Social Scientist. v 1, no. 2 (Sept 1972) p. 4.


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4 SOCIAL SCIENTIST

The title of Dr Raj's address was "Developmental Problems of India and the Methodology of Marx". Our critical note on his address asked : "Whose developmental problems ?9 Those of the ruling classes or of the working people ?" and reminded Dr Raj that "the jcrux of the Marxist outlook is the recognition that what ^leads^ to the 'development5 of the ruling or exploiting classes leads to the paupecrisation of the work-^P60!^."

It was to unravel the truth of this general proposition, we went on,

in relation to a particular stage in the history of human development, the stage of the origin and growth of capitalism, that Marx wrote his monumental work Capital. The painstaking study that he made of all the material that was then available, both on destruction of pre-capitalist the economic formations as well as on the origin and growth of the capitalist economic formation, led Marx to one irresistible conclusion : just as economic formations in country after country had been replaced by other formations earlier and just as capitalism was replacing all the then existing pre-capitalist economic formations in the whole world, so would capitalism be replaced by^pcialism everywhere.

The 'methodology of Marx', lauded by Dr Raj and several other bourgeois scholars, is thus inseparable from the basic class outlook with which Marx made his monumental study, as well as from his conclusion regarding the inevitability of capitalism being replaced by socialism. To quote Engels :

'Science was for Marx a historically dynamic, revolutionary force. However great the joy with which he welcomes a new discovery in some theoretical science whose practical application perhaps it was as yet quite impossible to envisage, he experienced quite another kind of joy when the discovery involved immediate revolutionary dianges in industry and in historical development in general...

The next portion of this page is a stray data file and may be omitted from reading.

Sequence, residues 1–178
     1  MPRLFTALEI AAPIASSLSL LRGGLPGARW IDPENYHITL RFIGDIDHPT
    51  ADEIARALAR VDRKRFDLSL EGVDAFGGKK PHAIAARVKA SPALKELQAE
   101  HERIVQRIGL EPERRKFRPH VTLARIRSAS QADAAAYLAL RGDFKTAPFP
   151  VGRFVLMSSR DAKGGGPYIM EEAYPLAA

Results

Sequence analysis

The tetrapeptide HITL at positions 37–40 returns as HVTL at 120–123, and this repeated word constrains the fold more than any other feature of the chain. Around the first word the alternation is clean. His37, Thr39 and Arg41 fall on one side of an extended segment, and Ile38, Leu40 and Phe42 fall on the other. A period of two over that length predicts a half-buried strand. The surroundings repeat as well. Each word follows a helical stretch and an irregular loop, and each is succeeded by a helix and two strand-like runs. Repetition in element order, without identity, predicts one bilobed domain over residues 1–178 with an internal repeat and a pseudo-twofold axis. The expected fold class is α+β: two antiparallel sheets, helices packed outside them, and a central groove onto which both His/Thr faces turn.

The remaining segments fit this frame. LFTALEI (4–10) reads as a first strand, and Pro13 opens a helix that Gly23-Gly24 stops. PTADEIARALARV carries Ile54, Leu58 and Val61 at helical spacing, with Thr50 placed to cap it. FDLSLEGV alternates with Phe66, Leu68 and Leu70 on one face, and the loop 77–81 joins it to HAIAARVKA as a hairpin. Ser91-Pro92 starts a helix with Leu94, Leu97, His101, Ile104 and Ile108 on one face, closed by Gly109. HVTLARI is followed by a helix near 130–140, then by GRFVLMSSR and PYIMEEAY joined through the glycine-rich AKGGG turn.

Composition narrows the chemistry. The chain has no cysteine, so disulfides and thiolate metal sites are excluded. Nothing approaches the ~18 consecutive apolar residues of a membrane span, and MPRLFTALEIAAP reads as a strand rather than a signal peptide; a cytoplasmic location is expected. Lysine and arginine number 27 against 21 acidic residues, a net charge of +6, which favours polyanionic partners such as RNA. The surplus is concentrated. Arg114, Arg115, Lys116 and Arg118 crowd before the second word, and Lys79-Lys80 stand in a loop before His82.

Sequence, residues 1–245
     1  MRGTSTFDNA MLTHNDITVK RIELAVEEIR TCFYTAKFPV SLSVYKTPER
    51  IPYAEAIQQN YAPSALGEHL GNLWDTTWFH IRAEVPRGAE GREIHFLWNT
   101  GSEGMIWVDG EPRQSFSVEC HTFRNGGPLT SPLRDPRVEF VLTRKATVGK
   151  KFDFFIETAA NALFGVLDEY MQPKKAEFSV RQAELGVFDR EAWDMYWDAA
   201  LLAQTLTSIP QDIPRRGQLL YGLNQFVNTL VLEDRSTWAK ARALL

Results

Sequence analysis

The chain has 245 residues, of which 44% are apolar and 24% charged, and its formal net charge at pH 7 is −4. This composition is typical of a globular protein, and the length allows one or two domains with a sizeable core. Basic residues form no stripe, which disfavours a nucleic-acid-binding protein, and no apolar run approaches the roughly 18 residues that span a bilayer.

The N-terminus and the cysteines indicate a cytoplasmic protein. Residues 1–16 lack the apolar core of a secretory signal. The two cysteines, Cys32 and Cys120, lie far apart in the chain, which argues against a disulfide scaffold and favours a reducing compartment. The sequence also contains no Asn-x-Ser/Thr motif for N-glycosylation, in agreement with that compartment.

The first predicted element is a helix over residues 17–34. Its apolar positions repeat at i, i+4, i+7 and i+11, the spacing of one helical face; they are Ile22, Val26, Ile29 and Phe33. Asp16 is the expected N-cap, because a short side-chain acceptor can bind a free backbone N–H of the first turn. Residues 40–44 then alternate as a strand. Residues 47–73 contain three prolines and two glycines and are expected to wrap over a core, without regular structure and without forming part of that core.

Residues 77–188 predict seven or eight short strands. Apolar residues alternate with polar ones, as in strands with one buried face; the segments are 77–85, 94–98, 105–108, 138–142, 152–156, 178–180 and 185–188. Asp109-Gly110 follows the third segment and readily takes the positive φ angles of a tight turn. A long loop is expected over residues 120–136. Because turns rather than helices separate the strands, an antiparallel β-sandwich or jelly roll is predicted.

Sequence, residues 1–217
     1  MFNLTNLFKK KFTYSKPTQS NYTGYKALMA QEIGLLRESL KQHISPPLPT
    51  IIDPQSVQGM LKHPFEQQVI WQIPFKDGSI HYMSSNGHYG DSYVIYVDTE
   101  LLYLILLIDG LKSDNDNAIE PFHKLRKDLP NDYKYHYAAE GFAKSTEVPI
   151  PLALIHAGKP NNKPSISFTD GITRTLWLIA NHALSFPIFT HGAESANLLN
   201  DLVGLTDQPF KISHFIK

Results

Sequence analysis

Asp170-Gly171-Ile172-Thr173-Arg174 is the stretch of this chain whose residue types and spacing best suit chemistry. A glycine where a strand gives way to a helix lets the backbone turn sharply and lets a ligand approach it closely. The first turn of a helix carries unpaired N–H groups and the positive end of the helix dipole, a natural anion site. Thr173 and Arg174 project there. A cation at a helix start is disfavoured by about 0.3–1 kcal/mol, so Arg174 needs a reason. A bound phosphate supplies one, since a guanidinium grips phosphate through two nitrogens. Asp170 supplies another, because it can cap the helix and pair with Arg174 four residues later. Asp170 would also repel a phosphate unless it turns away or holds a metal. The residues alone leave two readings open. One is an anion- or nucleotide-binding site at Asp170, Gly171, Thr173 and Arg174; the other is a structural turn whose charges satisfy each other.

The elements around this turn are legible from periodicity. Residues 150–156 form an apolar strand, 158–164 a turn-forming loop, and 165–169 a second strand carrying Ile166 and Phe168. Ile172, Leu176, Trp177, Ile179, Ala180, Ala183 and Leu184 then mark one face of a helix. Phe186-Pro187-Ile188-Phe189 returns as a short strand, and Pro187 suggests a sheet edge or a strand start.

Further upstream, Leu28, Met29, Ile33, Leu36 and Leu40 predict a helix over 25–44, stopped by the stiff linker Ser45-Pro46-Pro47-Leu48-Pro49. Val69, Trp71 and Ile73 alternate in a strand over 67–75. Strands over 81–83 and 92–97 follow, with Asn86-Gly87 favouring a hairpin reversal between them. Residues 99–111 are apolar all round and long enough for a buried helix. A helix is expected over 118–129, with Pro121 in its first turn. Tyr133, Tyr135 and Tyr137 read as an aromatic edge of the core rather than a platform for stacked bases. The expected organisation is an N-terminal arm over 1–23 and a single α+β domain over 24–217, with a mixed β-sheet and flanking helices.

^For, Marx was before all else a revolutionist. His real mission in life was to contribute, in one way or another, to the overthrow of capitalist society and of the state institutions which it brought into being, to contribute to the liberation of the modern proletariat, which he was the first to make conscious of its own position and its need, conscious of the conditions of its emancipation. Fighting was his element.5

We may be pardoned in reminding Dr Raj that this is the essence of Marxism as distinct from the 'methodology of Marx9 as understood by him- Dr Raj takes his colleagues in the field of social sciences to task for their failure to have an integrated outlook with which one must study the problems of development. He compares their contributions—'even the most outstanding' among them—to the attempts of the legendary seven blind men to describe the elephant, and adds : 'Whatever the subject—whether it is economic



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